2nd Circuit reverses water customers’ class action lawsuit judgment | News

SHREVEPORT, La. – The 2nd Circuit Court of Appeal has reversed a lower court’s ruling that awarded Shreveport water customers nearly $10 million for overbilling.

The appellate court in its ruling issued Wednesday sent the case back to Caddo District Court for further proceedings.

Attorney Jerry Harper, who along with co-counsel Anne Wilkes represented the water customers in a class action lawsuit, said they will seek to have the ruling overturned.

“We are surprised by and respectfully but vigorously disagree with the court’s ruling. We are also disappointed that the ruling, if it becomes final, will adversely affect approximately 100,000 Shreveport area families,” Harper said in a statement to KTBS.

The city’s response to the ruling: “The City does not comment on potential nor pending litigation.”

The lawsuit was filed in 2017 to recover overpayments of water and sewerage charges. The plaintiffs alleged the city failed to properly calculate average winter consumption for residential sewerage use based on a formula in the city’s ordinance. They contended customers’ bills were consistently inaccurate because the city averaged water use in the four winter months instead of charging them for actual use.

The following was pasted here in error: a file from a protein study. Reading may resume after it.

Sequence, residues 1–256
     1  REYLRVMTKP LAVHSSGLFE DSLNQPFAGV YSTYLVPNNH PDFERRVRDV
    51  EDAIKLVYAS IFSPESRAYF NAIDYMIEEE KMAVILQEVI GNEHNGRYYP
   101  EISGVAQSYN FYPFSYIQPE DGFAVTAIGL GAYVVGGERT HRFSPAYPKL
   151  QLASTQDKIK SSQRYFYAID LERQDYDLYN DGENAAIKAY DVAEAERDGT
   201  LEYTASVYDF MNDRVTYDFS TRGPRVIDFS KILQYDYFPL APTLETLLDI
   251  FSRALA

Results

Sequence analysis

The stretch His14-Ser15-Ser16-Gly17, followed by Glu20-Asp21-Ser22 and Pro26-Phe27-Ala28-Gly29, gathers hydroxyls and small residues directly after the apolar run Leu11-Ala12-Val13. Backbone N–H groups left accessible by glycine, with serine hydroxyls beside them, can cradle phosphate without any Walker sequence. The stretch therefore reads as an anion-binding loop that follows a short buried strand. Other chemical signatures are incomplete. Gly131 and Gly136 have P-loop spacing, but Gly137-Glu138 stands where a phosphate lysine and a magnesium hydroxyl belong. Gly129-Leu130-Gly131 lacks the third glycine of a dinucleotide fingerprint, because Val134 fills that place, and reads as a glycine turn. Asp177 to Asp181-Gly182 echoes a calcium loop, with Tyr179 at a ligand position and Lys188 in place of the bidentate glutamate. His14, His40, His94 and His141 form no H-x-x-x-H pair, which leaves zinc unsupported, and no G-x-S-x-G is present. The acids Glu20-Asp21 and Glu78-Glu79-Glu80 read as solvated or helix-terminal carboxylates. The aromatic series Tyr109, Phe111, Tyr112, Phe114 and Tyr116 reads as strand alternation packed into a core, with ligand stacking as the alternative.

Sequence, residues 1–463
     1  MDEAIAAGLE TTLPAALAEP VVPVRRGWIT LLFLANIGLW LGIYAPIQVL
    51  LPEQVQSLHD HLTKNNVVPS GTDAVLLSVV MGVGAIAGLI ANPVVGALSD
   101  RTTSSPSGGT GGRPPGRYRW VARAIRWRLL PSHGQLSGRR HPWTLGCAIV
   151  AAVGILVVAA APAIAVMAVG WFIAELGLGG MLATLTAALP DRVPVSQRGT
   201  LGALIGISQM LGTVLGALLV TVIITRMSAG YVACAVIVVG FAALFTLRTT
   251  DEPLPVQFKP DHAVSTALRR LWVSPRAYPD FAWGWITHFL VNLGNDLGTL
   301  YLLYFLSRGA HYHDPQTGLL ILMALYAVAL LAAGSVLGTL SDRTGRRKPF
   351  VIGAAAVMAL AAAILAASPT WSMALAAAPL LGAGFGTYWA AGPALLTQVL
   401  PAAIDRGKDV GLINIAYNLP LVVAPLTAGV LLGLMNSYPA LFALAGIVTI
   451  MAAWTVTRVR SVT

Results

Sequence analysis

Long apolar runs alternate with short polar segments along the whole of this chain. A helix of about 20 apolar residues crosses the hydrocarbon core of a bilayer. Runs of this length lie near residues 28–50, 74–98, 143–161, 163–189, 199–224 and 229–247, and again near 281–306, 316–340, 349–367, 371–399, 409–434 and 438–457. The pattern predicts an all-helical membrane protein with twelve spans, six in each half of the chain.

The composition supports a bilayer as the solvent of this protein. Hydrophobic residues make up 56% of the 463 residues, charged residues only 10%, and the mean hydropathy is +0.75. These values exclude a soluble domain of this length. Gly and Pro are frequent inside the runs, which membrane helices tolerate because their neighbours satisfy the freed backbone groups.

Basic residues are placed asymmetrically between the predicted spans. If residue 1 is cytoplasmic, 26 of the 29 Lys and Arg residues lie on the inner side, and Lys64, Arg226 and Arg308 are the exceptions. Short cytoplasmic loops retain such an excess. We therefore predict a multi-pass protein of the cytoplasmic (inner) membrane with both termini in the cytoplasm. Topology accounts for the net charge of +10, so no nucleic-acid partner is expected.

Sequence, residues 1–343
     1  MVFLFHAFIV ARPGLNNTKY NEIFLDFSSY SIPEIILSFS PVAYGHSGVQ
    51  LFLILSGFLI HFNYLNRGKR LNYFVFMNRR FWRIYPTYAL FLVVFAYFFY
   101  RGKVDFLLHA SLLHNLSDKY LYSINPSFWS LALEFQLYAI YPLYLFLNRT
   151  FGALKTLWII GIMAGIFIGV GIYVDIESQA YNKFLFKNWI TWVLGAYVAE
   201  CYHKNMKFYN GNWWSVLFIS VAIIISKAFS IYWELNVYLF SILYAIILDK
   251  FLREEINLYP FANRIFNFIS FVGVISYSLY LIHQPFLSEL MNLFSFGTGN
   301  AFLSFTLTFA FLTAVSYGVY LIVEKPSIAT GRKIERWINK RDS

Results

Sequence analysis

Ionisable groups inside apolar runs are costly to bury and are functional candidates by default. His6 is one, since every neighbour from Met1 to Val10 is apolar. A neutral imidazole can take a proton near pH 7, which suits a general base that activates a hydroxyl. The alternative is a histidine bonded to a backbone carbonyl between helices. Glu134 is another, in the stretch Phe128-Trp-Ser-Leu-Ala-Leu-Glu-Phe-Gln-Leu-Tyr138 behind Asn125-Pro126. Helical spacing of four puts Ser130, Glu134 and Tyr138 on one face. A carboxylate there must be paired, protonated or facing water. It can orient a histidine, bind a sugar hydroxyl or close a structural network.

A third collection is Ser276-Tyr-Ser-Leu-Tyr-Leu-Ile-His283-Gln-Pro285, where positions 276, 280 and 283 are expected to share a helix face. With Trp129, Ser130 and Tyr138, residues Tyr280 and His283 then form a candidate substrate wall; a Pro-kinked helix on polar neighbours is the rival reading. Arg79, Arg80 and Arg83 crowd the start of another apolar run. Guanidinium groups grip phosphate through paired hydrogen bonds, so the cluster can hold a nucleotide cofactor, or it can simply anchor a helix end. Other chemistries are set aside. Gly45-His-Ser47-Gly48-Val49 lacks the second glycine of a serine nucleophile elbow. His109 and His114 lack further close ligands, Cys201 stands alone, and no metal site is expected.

Caddo District Judge Michael Pitman agreed and awarded damages to the plaintiffs of almost $11.4 million, which includes interest.

The city objected to the judgment and raised four areas of appeal.

In its decision siding with the city, the appellate court said when the Shreveport City Council passed its water ordinance it did so with the understanding of water meters were, and continue to be, read by a person who follows a route, going residence by residence to read water meters.

“To expect all manually read water meters in the city, consisting of tens of thousands of residences, to be read on the last day of every month is impossible given the system for reading water meters that the city has in place. When a law is clear and unambiguous and its application does not lead to absurd consequences, then it is interpreted as written. To so strictly construe the ordinance as the trial court did here leads to such absurd consequences. Therefore, the trial court’s rulings are reversed,” the court ruling stated.

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